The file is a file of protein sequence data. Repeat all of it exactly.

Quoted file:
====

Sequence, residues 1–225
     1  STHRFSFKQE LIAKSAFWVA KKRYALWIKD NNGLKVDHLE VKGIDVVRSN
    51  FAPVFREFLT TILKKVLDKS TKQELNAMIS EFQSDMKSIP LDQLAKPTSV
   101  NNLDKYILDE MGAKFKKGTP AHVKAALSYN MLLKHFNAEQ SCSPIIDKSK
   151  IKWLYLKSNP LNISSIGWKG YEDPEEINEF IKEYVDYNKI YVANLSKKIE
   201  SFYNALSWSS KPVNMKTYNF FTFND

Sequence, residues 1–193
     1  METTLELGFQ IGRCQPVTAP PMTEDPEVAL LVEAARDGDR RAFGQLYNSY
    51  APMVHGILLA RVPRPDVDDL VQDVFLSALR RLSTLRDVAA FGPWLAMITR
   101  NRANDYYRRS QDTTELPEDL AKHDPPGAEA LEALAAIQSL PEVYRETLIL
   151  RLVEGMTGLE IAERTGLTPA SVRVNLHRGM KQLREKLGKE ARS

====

Sequence, residues 1–225
     1  STHRFSFKQE LIAKSAFWVA KKRYALWIKD NNGLKVDHLE VKGIDVVRSN
    51  FAPVFREFLT TILKKVLDKS TKQELNAMIS EFQSDMKSIP LDQLAKPTSV
   101  NNLDKYILDE MGAKFKKGTP AHVKAALSYN MLLKHFNAEQ SCSPIIDKSK
   151  IKWLYLKSNP LNISSIGWKG YEDPEEINEF IKEYVDYNKI YVANLSKKIE
   201  SFYNALSWSS KPVNMKTYNF FTFND

Sequence, residues 1–193
     1  METTLELGFQ IGRCQPVTAP PMTEDPEVAL LVEAARDGDR RAFGQLYNSY
    51  APMVHGILLA RVPRPDVDDL VQDVFLSALR RLSTLRDVAA FGPWLAMITR
   101  NRANDYYRRS QDTTELPEDL AKHDPPGAEA LEALAAIQSL PEVYRETLIL
   151  RLVEGMTGLE IAERTGLTPA SVRVNLHRGM KQLREKLGKE ARS